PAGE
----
February 22, 2020
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"US Preaches One Thing, Does Another"

Prof Edward Said talks to Rahul Sagar about the US role in West Asia and the burden a history of suffering places on the Palestinians.

"US Preaches One Thing, Does Another"
You have identified arrogance and amnesia as the central features of US foreign policy. Now take, for example, the American establishment's recent love affair with the 'democratic peace thesis'. Why, in an amnesiac sense, is this preaching never directed towards the Middle East?
It is quite clear that the US has made its peace with an Arab state-system that is basically undemocratic and oligarchical. On the other hand, there are considerable currents in the Arab world that are pro-democracy. While those currents remain, many undemocratic regimes—which the US has been supporting because it desires stability and cheap oil—continue to prevail in the Middle East. The result is that there now exists a more profound anti-Americanism in the Arab world, and I don't just mean street demonstrations. There is now a critical understanding of America, of American attitudes on issues ranging from the Kyoto Protocol to the Landmines Treaty. So, is the current state of affairs in the Middle East sustainable? I don't think it is. There is a growing awareness of this tremendously contradictory US position, of preaching one thing, doing another; talking about democracy while being anti-democratic.

You've written that there cannot be a magical, overnight solution to the Palestinian problem "as we cannot deny the weight of the past". Does there come a breaking point when the sorrows of the past become too heavy to allow for Palestinians and Israelis to envision a collective future within the realm of your bi-national solution?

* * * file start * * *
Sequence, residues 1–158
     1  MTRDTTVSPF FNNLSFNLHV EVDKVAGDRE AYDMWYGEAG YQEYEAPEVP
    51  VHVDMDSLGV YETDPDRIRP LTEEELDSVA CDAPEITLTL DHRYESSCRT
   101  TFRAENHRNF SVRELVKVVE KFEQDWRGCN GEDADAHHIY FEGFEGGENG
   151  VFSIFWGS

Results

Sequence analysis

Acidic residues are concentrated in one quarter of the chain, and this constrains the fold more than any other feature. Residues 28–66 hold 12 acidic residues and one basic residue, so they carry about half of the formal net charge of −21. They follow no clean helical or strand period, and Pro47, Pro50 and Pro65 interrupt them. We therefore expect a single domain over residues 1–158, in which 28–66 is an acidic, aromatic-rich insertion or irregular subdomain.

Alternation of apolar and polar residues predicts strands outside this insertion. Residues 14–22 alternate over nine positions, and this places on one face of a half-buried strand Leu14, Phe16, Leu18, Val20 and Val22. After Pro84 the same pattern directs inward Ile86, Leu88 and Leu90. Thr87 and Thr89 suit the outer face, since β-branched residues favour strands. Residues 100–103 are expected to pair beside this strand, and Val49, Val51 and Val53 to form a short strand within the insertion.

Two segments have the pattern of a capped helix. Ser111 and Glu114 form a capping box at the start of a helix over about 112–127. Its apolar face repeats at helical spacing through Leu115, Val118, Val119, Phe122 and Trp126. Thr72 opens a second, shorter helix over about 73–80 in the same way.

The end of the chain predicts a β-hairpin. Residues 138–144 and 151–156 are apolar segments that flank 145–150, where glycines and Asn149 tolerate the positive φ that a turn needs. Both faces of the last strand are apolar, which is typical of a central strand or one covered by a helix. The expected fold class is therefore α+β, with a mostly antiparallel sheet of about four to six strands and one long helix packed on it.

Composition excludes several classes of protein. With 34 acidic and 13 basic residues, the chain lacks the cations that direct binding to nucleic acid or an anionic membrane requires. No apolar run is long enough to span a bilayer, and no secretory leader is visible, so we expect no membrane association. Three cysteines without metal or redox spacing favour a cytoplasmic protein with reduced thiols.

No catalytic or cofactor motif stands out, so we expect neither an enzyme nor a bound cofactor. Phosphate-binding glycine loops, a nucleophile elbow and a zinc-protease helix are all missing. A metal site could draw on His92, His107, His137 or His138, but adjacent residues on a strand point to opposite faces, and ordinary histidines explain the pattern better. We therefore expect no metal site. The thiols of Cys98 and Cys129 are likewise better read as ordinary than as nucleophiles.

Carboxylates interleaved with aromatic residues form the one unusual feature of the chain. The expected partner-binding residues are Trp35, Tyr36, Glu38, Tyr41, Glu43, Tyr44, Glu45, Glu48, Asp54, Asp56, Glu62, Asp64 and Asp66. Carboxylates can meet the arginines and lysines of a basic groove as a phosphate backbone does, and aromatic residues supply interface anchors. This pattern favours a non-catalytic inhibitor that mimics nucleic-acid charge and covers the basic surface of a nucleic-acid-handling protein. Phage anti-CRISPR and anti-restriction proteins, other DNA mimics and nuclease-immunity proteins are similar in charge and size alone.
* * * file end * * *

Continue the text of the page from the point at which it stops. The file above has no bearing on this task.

That is a very profound question. I don't know if this is an elusive answer rather than a direct one when I say that it is really necessary for the Palestinians to keep thinking in terms of their liberation rather than in terms of a peace process that might lead to some nebulous idea of a Palestinian state which has been the Oslo gamble.

What we need is a change of attitude on our part and say that we are looking for freedom in the way that everybody else in the world understands that. This means territories have to be vacated and settlements have to be dismantled. What will have to happen is something involving a lot more sacrifice on the Palestinian and Israeli sides because they are determined to hold on to the settlements. Sharon is quite clear about this: he will never dismantle any settlements. However, every settler movement in history has said the same thing; in the end they do dismantle because it becomes impossible to maintain them.

The burden of the past could be transformed into something positive rather than feelings of resentment and anger. But I don't know if it is humanly possible. However, I think that most of us can do it at an individual level. There are those who are doing amazingly courageous things such as the Rabbis for Peace and the Movement Against Demolitions. It is important for us to think of them as role models and hope their number is expanding. What we haven't done is to join ranks in the way in which South Africans made a major effort to increase the participation of whites.
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